You may have solid reasons (environmental, ethical, or otherwise) to take these steps. But they don’t do much to lower cancer risk.

By Real Simple
Updated September 19, 2017
Amy van Lujik


Concerns that bras raise breast cancer risk by preventing lymph fluid from circulating are not backed up by any solid evidence, says Marisa Weiss, MD, founder and chief medical officer of There’s also little proof that antiperspirants leach harmful aluminum particles into the body or block sweat from carrying cancer-causing toxins out.


Critics worry that crops grown from seeds that were genetically modified to increase yields and resist pests could be fueling a rise in cancer. But a 2016 report from the National Academy of Sciences found there is no evidence that GMO foods on the market affect cancer risk.


Perfluorooctanoic acid (PFOA), a chemical once used in the making of Teflon, raised the risk of tumors in animals exposed to high levels. But it was phased out in 2015, and there are no known cancer risks to humans from using nonstick cookware, according to the ACS.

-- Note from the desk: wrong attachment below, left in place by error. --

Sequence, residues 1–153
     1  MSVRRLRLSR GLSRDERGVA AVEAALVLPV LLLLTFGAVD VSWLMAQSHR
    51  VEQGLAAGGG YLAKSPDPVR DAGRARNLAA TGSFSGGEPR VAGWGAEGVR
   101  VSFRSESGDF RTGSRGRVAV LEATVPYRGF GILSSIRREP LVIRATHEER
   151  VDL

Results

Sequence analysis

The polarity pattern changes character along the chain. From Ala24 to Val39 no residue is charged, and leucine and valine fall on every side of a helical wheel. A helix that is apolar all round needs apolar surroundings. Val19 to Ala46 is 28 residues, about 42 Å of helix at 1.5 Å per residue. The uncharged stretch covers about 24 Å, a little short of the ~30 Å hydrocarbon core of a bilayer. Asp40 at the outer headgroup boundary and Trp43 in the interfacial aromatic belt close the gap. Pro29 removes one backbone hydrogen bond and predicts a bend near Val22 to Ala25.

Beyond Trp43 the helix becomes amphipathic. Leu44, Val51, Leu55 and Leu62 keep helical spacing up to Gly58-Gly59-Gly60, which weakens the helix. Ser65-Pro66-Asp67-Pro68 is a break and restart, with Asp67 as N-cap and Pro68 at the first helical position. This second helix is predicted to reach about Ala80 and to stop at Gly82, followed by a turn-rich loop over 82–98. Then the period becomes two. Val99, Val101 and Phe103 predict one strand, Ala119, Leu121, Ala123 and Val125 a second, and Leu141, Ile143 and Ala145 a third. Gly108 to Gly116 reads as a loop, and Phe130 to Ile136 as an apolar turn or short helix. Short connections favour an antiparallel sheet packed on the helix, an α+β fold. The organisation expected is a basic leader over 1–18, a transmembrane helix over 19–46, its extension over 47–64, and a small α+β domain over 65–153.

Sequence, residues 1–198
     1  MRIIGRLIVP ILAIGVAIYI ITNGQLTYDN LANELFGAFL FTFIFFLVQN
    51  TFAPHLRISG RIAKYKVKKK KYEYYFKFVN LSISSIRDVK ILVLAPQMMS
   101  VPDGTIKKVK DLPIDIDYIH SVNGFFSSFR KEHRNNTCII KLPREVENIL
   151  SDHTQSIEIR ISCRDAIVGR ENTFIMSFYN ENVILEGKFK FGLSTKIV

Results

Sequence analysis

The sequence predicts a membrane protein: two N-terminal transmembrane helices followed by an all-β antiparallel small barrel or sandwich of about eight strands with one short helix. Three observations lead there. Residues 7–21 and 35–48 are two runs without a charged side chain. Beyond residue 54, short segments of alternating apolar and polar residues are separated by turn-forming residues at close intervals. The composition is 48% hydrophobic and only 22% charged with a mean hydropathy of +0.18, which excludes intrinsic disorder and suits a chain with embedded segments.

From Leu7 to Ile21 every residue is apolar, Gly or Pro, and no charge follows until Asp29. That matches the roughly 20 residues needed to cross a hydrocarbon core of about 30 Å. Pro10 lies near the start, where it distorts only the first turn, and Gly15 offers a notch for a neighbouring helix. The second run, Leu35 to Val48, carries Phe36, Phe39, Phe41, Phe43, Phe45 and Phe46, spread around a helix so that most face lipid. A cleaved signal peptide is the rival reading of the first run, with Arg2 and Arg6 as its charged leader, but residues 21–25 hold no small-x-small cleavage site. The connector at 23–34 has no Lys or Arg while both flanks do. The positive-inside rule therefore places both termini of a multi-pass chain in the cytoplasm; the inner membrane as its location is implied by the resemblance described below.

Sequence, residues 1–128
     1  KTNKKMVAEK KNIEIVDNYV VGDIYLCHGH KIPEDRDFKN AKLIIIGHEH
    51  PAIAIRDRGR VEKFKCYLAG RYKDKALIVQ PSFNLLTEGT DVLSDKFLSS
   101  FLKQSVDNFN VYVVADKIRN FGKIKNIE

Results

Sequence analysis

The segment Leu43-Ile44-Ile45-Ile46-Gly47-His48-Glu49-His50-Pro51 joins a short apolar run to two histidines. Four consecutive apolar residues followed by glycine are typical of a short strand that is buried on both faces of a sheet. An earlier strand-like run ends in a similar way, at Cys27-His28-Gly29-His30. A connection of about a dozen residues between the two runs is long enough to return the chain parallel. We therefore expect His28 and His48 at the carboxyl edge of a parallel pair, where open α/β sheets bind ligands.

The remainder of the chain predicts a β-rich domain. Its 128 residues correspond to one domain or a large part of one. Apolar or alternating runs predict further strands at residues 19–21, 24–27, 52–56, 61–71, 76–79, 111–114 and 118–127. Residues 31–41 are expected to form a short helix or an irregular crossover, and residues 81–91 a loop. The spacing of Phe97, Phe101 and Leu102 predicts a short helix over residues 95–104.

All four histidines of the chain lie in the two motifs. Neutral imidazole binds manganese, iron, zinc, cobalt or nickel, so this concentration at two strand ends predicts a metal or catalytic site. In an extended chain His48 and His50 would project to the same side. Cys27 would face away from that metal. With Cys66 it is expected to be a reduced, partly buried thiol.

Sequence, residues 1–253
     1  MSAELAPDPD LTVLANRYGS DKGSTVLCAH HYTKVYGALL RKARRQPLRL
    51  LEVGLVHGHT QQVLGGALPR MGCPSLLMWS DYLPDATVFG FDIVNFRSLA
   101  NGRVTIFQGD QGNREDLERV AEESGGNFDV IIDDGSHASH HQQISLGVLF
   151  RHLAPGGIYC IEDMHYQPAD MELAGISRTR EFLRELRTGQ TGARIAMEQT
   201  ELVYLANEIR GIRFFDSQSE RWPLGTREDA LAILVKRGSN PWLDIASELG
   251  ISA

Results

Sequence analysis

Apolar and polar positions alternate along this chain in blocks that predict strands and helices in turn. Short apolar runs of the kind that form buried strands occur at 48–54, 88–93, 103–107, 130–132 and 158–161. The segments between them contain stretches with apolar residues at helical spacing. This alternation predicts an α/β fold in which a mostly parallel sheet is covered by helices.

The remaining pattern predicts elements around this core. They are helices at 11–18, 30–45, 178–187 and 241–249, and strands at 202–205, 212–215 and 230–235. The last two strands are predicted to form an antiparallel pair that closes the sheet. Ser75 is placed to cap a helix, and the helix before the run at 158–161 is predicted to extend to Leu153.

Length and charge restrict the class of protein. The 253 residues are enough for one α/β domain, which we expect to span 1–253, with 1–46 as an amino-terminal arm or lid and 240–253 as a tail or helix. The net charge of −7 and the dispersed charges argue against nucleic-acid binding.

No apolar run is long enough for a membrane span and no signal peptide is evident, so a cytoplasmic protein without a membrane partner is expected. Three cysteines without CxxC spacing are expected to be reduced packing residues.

Critics remain wary of them, but the NCI and other health agencies say there is no clear evidence that sugar substitutes cause cancer in humans. “Experts have looked at this over and over again,” says Otis Brawley, MD, chief medical officer of the American Cancer Society (ACS). “The only artificial sweetener that has been linked to cancer in mice is saccharin, but that was later disproven.”


Foods grown without artificial pesticides or fertilizers may seem healthier, but the ACS reports that at this time there is no evidence that subsisting only on organic foods will pose fewer cancer risks than eating conventionally farmed foods. Some experts worry that the higher costs of organic foods may discourage people from eating more fruits and vegetables.